Rather than be a room to room, area to area linear path through shooting galleries and stealth sections, TEW2 is open world. Not a massive open world, but to callback to a reference I made earlier; an open world akin to Silent Hill Downpour. Reasonable size, split into different areas and with a few side missions dotted around, its best feature is how it directly affects the gameplay. Simply put; sneaking or running past enemies is now a far more viable option. Enemies are dotted around the town and pose a legitimate challenge, but the options to deal with them are more numerous now, and killing them is now more easy and less susceptible to the random chance and crippling glitches that plagued the previous game. Bullets, crossbow bolts and health items can now be crafted, enemies go down far more reliably- two headshots with a handgun is generally enough, and once they’re down they no longer need to be set on fire. Stealth is now more forgiving and is handled far better, and while stamina reserves are still an issue running away is a valid tactic. Rather than force the player into combat situations where ammo drops are random and enemies may or may not agree about the fact that you’ve clearly shot them in the face, TEW2 places the player in an open area with enemies that can be dealt with using a wide range of different tactics and the player’s own skills and ingenuity, which is an infinitely better option. That’s not to say the game doesn’t force you into combat now and then, but these moments are always fairly balanced, and if you know what you’re doing you can overcome anything that’s thrown at you.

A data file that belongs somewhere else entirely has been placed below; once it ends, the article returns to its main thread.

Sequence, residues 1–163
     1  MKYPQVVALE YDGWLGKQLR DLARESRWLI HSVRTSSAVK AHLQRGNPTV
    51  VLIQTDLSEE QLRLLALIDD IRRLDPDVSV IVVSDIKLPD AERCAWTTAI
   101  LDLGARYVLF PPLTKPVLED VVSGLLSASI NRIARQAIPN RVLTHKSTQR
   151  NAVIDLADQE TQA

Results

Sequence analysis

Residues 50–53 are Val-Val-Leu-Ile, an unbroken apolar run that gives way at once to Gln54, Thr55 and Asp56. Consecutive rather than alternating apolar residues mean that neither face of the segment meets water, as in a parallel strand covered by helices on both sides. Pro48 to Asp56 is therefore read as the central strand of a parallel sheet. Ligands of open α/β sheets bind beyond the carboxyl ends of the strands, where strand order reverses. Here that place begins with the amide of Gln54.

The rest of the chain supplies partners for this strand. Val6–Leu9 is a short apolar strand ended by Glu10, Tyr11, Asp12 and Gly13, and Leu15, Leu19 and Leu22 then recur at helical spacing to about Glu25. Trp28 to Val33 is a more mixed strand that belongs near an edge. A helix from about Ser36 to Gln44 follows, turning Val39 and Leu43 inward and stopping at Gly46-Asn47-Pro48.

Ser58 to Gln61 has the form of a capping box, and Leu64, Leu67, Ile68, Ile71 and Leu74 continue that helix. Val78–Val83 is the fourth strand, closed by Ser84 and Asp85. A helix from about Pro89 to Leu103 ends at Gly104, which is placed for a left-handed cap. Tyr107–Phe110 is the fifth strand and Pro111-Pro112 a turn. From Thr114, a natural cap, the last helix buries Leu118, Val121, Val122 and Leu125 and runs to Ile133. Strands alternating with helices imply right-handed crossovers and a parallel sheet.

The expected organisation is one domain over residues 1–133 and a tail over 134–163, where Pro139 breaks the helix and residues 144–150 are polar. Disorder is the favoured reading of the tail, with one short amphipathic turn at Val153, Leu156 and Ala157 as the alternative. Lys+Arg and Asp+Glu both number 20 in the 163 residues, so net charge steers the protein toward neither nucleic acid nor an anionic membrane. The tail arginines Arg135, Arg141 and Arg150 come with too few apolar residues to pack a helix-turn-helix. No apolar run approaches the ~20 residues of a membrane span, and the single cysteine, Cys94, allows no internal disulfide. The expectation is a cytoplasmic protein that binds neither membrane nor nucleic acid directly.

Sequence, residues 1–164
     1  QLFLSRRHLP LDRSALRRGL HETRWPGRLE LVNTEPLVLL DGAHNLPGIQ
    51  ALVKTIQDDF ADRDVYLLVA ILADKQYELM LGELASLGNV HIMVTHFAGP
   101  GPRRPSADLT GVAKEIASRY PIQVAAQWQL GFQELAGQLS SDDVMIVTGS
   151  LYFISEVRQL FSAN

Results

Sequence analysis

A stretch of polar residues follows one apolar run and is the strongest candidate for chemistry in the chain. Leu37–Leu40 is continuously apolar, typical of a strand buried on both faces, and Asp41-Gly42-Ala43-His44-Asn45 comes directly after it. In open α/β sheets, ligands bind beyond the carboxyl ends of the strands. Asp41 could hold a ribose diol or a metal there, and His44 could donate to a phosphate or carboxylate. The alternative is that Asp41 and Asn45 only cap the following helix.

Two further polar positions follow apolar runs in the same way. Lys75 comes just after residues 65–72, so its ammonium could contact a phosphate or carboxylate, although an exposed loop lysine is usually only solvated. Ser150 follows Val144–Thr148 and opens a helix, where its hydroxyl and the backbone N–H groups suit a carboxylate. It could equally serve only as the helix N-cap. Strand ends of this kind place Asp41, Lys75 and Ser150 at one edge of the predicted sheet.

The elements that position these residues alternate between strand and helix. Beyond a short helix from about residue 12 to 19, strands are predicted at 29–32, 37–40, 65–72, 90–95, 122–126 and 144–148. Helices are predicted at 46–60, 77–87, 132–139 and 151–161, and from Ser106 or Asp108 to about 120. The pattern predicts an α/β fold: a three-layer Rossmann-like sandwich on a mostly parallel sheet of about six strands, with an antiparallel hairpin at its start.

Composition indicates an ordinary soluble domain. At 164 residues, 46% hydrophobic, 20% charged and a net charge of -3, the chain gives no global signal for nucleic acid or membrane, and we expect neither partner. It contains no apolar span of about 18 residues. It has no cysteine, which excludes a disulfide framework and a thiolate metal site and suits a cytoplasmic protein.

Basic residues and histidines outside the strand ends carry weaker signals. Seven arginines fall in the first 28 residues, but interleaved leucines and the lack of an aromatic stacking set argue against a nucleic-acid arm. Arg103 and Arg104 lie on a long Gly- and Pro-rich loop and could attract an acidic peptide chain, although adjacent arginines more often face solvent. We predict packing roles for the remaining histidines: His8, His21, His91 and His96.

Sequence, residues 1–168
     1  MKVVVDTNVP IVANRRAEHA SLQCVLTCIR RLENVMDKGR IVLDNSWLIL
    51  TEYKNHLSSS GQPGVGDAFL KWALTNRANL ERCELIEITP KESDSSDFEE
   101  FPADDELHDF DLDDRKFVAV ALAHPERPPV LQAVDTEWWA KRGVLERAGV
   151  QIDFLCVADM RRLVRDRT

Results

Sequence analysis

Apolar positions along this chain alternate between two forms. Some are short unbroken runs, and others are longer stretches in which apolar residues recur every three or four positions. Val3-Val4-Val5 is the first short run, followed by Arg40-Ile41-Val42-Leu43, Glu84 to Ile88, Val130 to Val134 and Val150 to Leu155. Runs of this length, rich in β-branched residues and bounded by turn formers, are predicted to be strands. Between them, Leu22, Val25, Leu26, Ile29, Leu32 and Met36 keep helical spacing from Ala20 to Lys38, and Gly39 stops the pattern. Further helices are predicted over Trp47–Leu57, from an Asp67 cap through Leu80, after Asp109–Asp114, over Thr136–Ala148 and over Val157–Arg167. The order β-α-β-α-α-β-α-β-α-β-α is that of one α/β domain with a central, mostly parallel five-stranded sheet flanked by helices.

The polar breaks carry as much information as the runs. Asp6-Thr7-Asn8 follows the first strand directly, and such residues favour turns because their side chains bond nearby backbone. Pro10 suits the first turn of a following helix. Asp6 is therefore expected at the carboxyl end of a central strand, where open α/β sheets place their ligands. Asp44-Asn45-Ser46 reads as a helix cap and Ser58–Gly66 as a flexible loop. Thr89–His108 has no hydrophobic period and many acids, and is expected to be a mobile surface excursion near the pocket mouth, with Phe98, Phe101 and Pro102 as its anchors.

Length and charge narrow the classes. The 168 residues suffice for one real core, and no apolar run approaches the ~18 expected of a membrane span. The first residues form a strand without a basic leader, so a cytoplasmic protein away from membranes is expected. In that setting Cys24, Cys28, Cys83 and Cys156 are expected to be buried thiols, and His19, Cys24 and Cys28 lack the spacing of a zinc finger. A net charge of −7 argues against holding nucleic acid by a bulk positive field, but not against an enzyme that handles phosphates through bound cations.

Overall The Evil Within 2 is a solid experience, if nothing outstanding. That’s not to put it down though; in terms of story, writing, characters, gameplay and emotional impact it’s head and shoulders above its predecessor. Whereas the original was a clunky, unforgiving and genuinely infuriating mess made by a man who refused to move on from the era of his greatest successes, and seemed to misinterpret what made those games so good, this vastly improved sequel understands that it’s okay to mix classic tropes with modern gameplay advances and conveniences. The result is an enjoyable and engaging horror action game confident in salvaging what few good ideas the original had and using them to make something worthwhile. If the sequel hook is acted on and The Evil Within 3 is really on the horizon, I feel like it will truly fulfil the promise and potential this series has. If the series ends here then the quality of this instalment means that’s a victory too, it’s just a shame it took Shinji Mikami vacating the director’s chair.
By James Lambert